By Clarence Roy-Macaulay
Thursday, February 26, 2009
FREETOWN, Sierra Leone, Feb. 25 -- A United Nations-sponsored war crimes court on Wednesday found three top rebel leaders in Sierra Leone guilty of multiple crimes against humanity in the West African nation's disastrous civil war.
The rebels, known for maiming their victims with machetes, left Sierra Leone with a population of amputees, as well as countless thousands of orphans and widows.
Issa Sesay, an interim leader of the Revolutionary United Front, or RUF, and one of his battlefield commanders, Morris Kallon, were convicted on 16 of 18 counts. Another battlefield commander, Augustine Gbao, was found guilty on 14 of the 18 charges he had faced.
The charges against all three include amputation, murder, enlistment of child soldiers and sexual slavery. They also include forced marriage, the enslavement that countless young girls suffered when their villages were raided and they were forced to "marry" a rebel.
Wednesday's convictions marked the first time that the forced-marriage charge was successfully handed down in an international court of law.
Sesay, Kallon and Gbao had pleaded not guilty to the charges. They shook their heads as the verdict was read.
"While the decision issued today cannot mend the broken lives and severed limbs, it goes a long way to validate the terrible suffering endured by countless Sierra Leoneans -- and it puts current-day perpetrators on notice," said Corinne Dufka, an expert on Sierra Leone and neighboring Liberia for New York-based Human Rights Watch.
"For over 10 years, the RUF roamed the countryside, leaving a legacy of mutilation, death and destruction in their wake," she said.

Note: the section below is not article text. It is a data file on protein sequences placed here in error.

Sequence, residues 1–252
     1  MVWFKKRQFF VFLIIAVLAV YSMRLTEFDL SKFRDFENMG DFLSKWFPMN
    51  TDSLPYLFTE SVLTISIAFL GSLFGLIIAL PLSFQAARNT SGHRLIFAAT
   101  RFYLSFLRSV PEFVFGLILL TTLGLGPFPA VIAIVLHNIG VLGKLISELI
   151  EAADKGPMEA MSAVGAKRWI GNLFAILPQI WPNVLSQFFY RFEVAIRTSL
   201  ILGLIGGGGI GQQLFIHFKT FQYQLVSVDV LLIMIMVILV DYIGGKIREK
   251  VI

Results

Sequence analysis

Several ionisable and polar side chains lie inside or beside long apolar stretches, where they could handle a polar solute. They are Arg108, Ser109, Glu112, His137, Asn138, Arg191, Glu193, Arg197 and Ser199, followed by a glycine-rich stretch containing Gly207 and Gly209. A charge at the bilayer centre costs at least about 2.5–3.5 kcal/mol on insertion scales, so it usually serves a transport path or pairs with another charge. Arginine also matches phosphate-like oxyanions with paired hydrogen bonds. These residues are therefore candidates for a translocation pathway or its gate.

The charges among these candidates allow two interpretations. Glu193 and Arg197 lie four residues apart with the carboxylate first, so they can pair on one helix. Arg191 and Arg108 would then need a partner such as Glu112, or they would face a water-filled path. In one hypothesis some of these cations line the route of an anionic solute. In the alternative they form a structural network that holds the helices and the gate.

It is estimated that about a half-million people were victims of killings, systematic mutilation and other atrocities in the 11-year civil war, which ended in 2002. Illicit diamond sales fueled the conflict, which was dramatized in the 2006 film "Blood Diamond," starring Leonardo DiCaprio. Rebels controlled the diamond fields and used proceeds from the sale of the gem for guns.
The rebels' founder and longtime leader -- Foday Sankoh, known as Pa to his often drugged and drunken child fighters -- died of natural causes in U.N. custody in 2003.
While Wednesday's verdicts marked the end of the special tribunal in Freetown, the court has unfinished business with former Liberian president Charles Taylor, who is being tried in a special session of the court for Sierra Leone in The Hague on charges of war crimes and crimes against humanity.
Taylor is accused of training and backing the Sierra Leonean rebels. His trial is being held outside Freetown because of fears that the case could trigger fresh violence and that Taylor might escape from the court jail in Sierra Leone.
Chief Prosecutor Stephen Rapp said a verdict in Taylor's case could be reached in the first half of 2010.